Morning Links: ‘Topless Protest’ Edition

Statue of Christopher Columbus at Columbus Circle. (Courtesy Public Art Fund)

Italian Americans are outraged over the Public Art Fund’s plans to build an art installation by Tatzu Nishi around the statue of Christopher Columbus at Columbus Circle. [New York Post]

Women in Venezuela stage “topless protest” calling for return of Matisse painting reportedly recovered by the FBI in Miami. [The Guardian]

Amanda Hopkinson remembers photographer Martine Franck, one of only a handful of women to be part of the Magnum agency. Writes Ms. Hopkinson: “Her first solo exhibition was planned for the ICA in London [in 1970]; when she saw that the invitations were embossed with the information that her husband [Henri Cartier-Bresson] would be present at the launch, she cancelled the show.” [The Guardian]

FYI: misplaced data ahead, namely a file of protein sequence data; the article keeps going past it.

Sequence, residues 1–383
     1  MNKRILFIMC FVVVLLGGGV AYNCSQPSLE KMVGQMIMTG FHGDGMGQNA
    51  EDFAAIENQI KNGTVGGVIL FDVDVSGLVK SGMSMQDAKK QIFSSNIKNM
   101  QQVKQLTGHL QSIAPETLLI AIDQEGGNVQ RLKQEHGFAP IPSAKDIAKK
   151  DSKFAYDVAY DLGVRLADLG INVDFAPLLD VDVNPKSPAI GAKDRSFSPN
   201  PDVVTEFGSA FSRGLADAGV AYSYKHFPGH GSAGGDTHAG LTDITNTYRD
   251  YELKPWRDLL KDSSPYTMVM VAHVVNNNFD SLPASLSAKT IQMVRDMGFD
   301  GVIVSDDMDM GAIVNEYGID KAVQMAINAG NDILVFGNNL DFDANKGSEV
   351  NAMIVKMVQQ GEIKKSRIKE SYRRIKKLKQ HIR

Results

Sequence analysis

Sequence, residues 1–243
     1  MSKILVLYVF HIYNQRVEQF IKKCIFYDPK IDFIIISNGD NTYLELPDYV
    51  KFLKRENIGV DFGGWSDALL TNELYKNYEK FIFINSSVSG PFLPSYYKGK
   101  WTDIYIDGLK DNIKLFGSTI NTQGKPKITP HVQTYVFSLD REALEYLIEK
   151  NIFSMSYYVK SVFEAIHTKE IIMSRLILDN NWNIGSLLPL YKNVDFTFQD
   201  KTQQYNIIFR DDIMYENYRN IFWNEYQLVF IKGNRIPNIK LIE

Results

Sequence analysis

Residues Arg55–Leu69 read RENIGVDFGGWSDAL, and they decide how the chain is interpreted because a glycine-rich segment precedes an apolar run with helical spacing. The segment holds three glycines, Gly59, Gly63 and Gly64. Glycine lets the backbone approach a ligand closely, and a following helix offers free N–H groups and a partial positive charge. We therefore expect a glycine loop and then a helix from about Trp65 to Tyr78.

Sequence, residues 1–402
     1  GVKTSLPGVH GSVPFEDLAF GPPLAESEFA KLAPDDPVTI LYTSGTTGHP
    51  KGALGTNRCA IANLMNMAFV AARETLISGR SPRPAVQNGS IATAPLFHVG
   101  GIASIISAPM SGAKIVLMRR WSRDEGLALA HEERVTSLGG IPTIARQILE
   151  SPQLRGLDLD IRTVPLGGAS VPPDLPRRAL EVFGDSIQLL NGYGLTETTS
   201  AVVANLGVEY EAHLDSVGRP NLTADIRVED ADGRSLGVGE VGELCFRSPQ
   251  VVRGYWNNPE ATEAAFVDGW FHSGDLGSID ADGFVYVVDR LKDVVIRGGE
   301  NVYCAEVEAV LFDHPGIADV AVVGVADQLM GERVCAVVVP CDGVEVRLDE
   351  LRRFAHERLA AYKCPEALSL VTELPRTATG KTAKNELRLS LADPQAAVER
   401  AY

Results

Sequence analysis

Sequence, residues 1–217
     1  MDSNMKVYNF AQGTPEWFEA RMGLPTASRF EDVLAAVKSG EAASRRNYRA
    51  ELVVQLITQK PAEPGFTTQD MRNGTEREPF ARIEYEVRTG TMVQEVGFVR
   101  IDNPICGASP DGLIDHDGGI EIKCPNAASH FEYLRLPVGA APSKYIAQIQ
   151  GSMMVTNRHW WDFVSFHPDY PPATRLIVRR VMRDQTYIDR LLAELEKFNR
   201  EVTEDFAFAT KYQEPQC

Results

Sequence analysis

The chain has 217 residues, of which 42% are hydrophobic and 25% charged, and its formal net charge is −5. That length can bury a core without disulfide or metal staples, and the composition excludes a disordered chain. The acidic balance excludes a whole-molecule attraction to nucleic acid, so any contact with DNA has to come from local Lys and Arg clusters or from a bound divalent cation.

Susan Stamberg takes a close look at Edward Hopper’s 1952 painting Morning Sun, which is in the collection of the Columbus Museum of Art. [NPR]

Guernica, the town, is doing just fine. [The Guardian]

Henry Wyndham, chairman of Sotheby’s Europe, was shot in the face with a shotgun over the weekend. []

A successful plastic surgeon who also makes “meticulous drawings.” [WSJ]

Read Robert Hughes’s 2004 address to London’s Royal Academy. [The Art Newspaper]

Along with his inaugural show at Paul Kasmin Gallery, Saint Clair Cemin will make his public art debut in early September with sculptures along the Broadway mall. [ArtDaily] Morning Links: ‘Topless Protest’ Edition